Originating Lender Characteristics and Mortgage Outcomes in Affordable Loan Programs
Previous research finds that borrowers who receive mortgages from banks (depository institutions) are less likely to become delinquent or default on their mortgages than borrowers who receive mortgages from non-bank mortgage companies (including third party originators). Questions arise about the extent to which such differences are due to banks' ability to select less risky borrowers (information effect), or due to bank regulatory structures that make them more cautious lenders (institution effect). Both effects have substantial, albeit very different policy implications critical to informing low income homeownership policies moving forward. Further, are such differences due to lender localness, rather than institutional structure (or both)? That is, are borrowers who receive loans from lenders who are more invested in their local communities more likely to sustain homeownership over time? Is this due targeting or selection of "less risky" borrowers, or something that the local lender does to prepare homebuyers for purchase (or both)? To address these questions, we employ data on Mortgage Revenue Bond programs in Indiana, Ohio and Florida, with the most detailed analysis of the Ohio MRB program.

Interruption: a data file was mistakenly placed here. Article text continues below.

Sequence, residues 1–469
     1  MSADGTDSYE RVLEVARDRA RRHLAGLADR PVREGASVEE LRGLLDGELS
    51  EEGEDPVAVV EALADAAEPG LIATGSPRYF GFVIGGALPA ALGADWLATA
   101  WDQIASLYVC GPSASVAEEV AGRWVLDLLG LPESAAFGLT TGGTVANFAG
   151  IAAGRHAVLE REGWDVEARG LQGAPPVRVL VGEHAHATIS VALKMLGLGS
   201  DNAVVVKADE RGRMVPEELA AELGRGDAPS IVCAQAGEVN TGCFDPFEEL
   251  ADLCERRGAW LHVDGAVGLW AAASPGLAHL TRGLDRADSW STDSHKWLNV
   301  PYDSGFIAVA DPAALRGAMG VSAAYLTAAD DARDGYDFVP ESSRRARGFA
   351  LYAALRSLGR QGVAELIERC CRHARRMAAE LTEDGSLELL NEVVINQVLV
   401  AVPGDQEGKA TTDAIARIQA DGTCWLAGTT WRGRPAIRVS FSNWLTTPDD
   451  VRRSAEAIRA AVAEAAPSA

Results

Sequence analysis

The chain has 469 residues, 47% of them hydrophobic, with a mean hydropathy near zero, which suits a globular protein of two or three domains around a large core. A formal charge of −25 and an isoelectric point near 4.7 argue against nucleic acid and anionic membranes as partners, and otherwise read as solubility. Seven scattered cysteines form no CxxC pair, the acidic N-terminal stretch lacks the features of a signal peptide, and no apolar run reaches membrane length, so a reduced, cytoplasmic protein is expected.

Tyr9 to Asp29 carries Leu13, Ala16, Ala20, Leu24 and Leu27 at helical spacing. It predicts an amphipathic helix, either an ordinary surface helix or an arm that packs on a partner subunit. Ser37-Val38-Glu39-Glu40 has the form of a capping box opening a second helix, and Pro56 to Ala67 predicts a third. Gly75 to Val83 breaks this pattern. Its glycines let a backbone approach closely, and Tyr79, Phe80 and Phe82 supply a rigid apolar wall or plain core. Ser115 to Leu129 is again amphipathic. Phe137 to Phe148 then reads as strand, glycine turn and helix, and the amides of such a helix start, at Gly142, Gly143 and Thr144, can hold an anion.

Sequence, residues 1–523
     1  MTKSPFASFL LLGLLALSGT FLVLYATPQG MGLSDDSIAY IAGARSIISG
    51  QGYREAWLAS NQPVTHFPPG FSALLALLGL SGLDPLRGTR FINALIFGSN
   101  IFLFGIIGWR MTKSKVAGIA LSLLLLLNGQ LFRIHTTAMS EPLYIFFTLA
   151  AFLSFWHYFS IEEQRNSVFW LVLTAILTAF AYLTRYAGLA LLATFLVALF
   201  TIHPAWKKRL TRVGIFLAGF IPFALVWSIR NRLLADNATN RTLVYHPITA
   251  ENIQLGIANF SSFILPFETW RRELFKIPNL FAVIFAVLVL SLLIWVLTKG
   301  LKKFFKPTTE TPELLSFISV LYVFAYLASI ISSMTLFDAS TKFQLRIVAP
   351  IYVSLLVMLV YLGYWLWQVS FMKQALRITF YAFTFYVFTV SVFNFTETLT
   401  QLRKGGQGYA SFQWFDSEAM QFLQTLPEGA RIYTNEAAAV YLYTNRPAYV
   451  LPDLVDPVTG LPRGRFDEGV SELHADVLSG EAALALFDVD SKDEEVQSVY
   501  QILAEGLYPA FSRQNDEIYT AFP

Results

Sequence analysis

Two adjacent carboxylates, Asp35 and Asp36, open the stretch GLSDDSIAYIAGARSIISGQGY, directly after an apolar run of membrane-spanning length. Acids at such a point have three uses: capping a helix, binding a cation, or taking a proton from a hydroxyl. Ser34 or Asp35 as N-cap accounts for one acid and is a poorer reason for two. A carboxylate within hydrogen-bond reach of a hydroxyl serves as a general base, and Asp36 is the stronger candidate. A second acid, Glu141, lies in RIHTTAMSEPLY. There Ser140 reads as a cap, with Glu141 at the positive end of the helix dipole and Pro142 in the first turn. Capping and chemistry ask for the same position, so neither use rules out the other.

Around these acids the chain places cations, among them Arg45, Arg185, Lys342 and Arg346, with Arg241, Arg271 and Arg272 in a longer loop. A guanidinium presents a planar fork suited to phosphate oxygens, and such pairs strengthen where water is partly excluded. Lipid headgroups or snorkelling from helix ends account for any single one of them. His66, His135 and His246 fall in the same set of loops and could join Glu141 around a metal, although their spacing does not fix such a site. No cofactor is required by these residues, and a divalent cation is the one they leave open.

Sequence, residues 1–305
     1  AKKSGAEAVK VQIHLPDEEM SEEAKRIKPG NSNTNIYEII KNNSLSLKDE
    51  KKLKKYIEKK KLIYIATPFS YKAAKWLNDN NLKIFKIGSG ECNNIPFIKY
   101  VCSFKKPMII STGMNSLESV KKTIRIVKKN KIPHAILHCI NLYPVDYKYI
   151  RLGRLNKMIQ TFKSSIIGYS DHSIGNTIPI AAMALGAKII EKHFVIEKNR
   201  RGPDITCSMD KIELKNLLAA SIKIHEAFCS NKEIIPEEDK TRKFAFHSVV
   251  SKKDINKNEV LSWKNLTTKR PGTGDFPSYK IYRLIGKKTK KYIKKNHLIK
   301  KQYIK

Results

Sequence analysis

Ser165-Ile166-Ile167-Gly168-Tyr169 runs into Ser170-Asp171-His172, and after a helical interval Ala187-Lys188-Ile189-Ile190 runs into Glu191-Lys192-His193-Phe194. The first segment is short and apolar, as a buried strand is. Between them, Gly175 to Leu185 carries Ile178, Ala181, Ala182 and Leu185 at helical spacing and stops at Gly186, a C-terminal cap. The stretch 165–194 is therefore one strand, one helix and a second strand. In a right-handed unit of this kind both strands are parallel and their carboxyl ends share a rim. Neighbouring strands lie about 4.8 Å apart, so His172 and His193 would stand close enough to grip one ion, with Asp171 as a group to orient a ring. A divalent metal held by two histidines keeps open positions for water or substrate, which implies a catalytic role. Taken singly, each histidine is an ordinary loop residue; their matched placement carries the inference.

A study on informational advantages that local banks supply high risk borrowers is forthcoming in the Journal of Money, Credit and Banking: